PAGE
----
You Can’t Rewrite Your High School Musical

December 18th, 2013 § 23 comments

Southold (NY High School

Southold (NY) High School

You’re not going to believe this.

On Monday, Principal Marc Guarino of Trumbull High School in Connecticut reinstated the Thespian Troupe’s production of Rent, after three weeks of negotiation and outcry. On Tuesday, The Suffolk Times on Long Island published an interview with Southold Schools Superintendent David Gamberg in which he, acknowledging awareness of the Trumbull situation, proudly announced that Southold High School’s Drama Club would be producing the school edition of Rent in March, just like Trumbull.

But don’t cry ‘yippee.’  This isn’t a story to celebrate.

Here’s a paragraph from the article:

“What we did was we looked at the school script and we asked the teachers involved in it to really take a good look at it to make sure it’s fitting for the community,” Mr. Gamberg said. “It has a very strong and powerful message that we think is going to be very positive, but again this is based on the idea that we want to make sure that it’s very sensitive to the community as a whole. The three teachers involved are very responsible for that.”

The reporter then goes on to say that Mr. Gamberg doesn’t know what kind of modifications the school might make.

Wait a minute. Modifications?

rent school edPerhaps Mr. Gamberg isn’t aware that when you license a play for production, whether at a high school or a professional company, you are entering into a contract giving you the right to produce a copyrighted work as written. You can’t just pull out the metaphorical red pen and edit it to your own specifications. If you do, you’re in breach of contract. That’s something that rights holders and licensing companies take seriously.

The fact that some authors have permitted their works to be edited, or participated in such editing, for licensing as “school editions,” doesn’t give anyone permission to pile on and make more changes. When licensing houses find out such a thing is happening, they get very serious very fast, and that can lead to the loss of rights to the show. This post, combined with The Suffolk Times article, is all that’s needed to place your school under scrutiny. You might tell your committee of bowdlerizing teachers to take a break. Incidentally, where is the school’s principal in all this?

Now when small changes are requested for specific, defensible reasons, the licensing houses may have some latitude to work with schools on  very minor revisions. They’re in the business of helping schools; they’re not monolithic ogres. But before anyone thinks this is a run of the mill copyright and license violation, you all need to know: it gets worse. Again, from the article:

“Plans for the school performance led a pair of Southold residents to contact The Suffolk Times with concerns over the school’s handling of gay characters in the play. An anonymous letter writer said the play was inappropriate since it could “put students in the position to have to play gay/lesbian or drug addicted [characters.]”  One parent said her child believed the district was making changes that might offend gay students, including a decision to cast a female to play the role of the drag queen Angel, which is traditionally played by a male actor in school, community and professional productions.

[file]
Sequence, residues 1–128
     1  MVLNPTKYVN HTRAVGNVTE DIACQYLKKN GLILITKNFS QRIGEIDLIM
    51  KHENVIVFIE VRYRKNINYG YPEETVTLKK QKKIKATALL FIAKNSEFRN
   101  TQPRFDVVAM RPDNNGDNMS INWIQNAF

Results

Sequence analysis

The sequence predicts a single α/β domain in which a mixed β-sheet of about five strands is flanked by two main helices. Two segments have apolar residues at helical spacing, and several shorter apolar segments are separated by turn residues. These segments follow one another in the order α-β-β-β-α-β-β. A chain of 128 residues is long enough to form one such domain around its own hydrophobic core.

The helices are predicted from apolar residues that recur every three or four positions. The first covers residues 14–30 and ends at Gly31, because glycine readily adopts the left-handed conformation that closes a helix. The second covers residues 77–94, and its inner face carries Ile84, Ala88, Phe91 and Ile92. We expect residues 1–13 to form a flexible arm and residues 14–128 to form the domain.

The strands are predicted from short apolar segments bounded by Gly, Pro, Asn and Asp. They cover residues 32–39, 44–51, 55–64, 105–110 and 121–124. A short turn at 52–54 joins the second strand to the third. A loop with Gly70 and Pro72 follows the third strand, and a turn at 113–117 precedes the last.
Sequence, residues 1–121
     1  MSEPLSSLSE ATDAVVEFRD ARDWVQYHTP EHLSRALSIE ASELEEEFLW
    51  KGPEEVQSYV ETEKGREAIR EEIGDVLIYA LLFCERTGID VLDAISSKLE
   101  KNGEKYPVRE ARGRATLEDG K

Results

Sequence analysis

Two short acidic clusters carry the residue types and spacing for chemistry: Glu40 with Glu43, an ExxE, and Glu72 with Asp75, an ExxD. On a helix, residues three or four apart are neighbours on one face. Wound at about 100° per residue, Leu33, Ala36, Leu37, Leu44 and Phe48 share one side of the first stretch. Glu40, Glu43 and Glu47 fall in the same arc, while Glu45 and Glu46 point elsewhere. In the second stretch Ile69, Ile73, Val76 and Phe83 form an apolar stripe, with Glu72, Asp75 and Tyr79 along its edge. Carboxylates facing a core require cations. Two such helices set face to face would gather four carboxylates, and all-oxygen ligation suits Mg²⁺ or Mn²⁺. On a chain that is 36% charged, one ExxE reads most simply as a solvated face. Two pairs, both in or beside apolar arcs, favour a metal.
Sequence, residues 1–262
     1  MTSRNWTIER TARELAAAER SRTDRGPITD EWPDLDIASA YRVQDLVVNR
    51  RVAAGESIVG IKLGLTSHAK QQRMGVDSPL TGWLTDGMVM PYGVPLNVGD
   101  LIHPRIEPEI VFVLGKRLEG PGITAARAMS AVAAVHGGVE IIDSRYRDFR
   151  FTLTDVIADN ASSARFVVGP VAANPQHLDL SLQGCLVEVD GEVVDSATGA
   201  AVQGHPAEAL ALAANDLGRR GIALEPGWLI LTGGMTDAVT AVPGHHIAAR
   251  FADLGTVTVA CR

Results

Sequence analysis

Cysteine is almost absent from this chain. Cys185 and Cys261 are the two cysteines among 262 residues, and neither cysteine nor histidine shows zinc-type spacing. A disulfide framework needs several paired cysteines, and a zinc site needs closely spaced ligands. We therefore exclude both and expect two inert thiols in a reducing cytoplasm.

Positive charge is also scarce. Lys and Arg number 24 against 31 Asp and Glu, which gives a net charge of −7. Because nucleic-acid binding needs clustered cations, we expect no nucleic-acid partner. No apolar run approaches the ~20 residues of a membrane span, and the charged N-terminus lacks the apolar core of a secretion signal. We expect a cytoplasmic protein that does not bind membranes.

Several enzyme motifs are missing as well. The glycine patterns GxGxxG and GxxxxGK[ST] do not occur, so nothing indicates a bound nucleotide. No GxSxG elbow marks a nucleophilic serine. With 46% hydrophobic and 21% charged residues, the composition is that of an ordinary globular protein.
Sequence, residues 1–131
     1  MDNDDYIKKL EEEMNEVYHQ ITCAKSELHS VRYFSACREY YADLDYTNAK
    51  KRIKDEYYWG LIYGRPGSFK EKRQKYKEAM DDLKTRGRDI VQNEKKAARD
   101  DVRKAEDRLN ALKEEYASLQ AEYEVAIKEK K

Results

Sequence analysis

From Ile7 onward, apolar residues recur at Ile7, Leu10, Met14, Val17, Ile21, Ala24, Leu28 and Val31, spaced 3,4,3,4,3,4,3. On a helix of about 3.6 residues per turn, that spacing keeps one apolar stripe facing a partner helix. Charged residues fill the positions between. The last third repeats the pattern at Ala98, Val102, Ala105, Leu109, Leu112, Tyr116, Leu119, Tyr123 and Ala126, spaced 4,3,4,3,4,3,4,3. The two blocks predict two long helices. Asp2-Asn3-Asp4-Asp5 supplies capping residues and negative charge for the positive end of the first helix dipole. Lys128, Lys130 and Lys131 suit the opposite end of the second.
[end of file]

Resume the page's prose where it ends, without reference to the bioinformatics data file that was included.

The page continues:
When asked about a female student being cast to play Angel, Mr. Gamberg, who said he didn’t know if any casting decisions had been finalized yet, said, “I think that goes in line with being sensitive and making sure it’s appropriate for school. I don’t think it’s going to be written and spoken in a way that’s going to be seen as inappropriate. That’s the kind of sensitivity that [teachers are] looking at.”

Well, Mr. Gamberg, now you’ve done it. The storyline of Angel is very specifically written as a gay male role. To suggest you can simply change the performer to female fundamentally alters the work and seems designed, at the very least, to eliminate the drag queen element of the character – which is essential. Believe me, I’m completely supportive of non-traditional casting, but not when it’s used to smooth over “difficult” content in order to placate the narrowminded.

Wilson Jermaine Heredia & Jesse L. Martin in the film of Rent

Wilson Jermaine Heredia & Jesse L. Martin
in the film of Rent

Tell me, will you be making your female Angel heterosexual or lesbian? Exactly where does your “sensitivity” lie? You may think you’re appeasing your community by suggesting this change could happen, but instead you’re flirting with tampering with a beloved work without the right to do so in order to kowtow to homophobic sentiment. Are you just afraid of what some people in the community might say about Rent? What exactly is inappropriate in the school edition? There is nothing sensitive in what is going on with Rent at Southold.

This post, coupled with my advocacy on behalf of the students of Trumbull High School, may suggest that I’m a rabid Rent partisan, but I’d be writing this if the show was Spring Awakening, Legally Blonde, Avenue Q or Grease. My issue is the rights of students to take on challenging work in their schools, rather than forcing all high school theatre to be utterly anodyne. I’ll yank this post down immediately and replace it with a full apology if I learn that the school is in consultation with MTI, which licenses Rent. But I’m placing my bet that you’re out of bounds Mr. Gamberg, though I’d be perfectly delighted to be proven wrong. The simple solution is to do Rent: The School Edition as written. However, if you are intractable in your desire to rework the show to your own standards, and your statements and planned actions result in your school losing the rights to Rent, there will be only one person for your students to blame. He sits in the superintendent’s chair of the Southold School District.

My thanks to Natalie Chernicoff for bringing this situation to my attention.

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  • http://www.choreographybysonja.com/ SONJA HANSEN

    Why didn’t the principal say something before the purchase requisition for RENT was approved and the purchase order was given, and the purchase order was submitted to pay for licensing for RENT, School Edition?
    If the principal wants his say in the selection of musicals, he needs to make it a policy and actually talk to the Drama Director.